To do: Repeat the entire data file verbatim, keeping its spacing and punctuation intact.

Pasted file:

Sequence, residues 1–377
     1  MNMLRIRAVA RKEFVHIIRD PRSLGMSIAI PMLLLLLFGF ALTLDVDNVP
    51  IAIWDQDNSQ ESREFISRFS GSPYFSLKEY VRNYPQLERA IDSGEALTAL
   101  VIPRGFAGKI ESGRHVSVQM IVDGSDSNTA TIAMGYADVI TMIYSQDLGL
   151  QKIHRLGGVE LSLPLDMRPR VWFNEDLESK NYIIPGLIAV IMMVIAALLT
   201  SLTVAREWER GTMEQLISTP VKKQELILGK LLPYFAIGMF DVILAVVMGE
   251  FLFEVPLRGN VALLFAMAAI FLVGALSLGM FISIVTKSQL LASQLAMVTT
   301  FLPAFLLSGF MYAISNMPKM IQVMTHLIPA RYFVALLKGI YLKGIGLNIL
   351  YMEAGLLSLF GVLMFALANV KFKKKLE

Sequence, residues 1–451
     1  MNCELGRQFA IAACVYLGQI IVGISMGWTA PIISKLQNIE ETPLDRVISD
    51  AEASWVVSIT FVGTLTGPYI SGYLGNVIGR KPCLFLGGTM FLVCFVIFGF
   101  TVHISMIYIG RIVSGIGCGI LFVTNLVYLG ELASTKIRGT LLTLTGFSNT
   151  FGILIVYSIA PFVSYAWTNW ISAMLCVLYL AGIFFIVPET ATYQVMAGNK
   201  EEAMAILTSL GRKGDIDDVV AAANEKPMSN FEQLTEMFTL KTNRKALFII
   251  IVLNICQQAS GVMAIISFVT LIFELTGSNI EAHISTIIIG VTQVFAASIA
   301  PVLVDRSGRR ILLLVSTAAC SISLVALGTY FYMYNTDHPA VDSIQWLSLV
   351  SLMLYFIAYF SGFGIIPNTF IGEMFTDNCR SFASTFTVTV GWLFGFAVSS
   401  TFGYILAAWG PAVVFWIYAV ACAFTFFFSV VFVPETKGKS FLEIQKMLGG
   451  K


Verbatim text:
Sequence, residues 1–377
     1  MNMLRIRAVA RKEFVHIIRD PRSLGMSIAI PMLLLLLFGF ALTLDVDNVP
    51  IAIWDQDNSQ ESREFISRFS GSPYFSLKEY VRNYPQLERA IDSGEALTAL
   101  VIPRGFAGKI ESGRHVSVQM IVDGSDSNTA TIAMGYADVI TMIYSQDLGL
   151  QKIHRLGGVE LSLPLDMRPR VWFNEDLESK NYIIPGLIAV IMMVIAALLT
   201  SLTVAREWER GTMEQLISTP VKKQELILGK LLPYFAIGMF DVILAVVMGE
   251  FLFEVPLRGN VALLFAMAAI FLVGALSLGM FISIVTKSQL LASQLAMVTT
   301  FLPAFLLSGF MYAISNMPKM IQVMTHLIPA RYFVALLKGI YLKGIGLNIL
   351  YMEAGLLSLF GVLMFALANV KFKKKLE

Sequence, residues 1–451
     1  MNCELGRQFA IAACVYLGQI IVGISMGWTA PIISKLQNIE ETPLDRVISD
    51  AEASWVVSIT FVGTLTGPYI SGYLGNVIGR KPCLFLGGTM FLVCFVIFGF
   101  TVHISMIYIG RIVSGIGCGI LFVTNLVYLG ELASTKIRGT LLTLTGFSNT
   151  FGILIVYSIA PFVSYAWTNW ISAMLCVLYL AGIFFIVPET ATYQVMAGNK
   201  EEAMAILTSL GRKGDIDDVV AAANEKPMSN FEQLTEMFTL KTNRKALFII
   251  IVLNICQQAS GVMAIISFVT LIFELTGSNI EAHISTIIIG VTQVFAASIA
   301  PVLVDRSGRR ILLLVSTAAC SISLVALGTY FYMYNTDHPA VDSIQWLSLV
   351  SLMLYFIAYF SGFGIIPNTF IGEMFTDNCR SFASTFTVTV GWLFGFAVSS
   401  TFGYILAAWG PAVVFWIYAV ACAFTFFFSV VFVPETKGKS FLEIQKMLGG
   451  K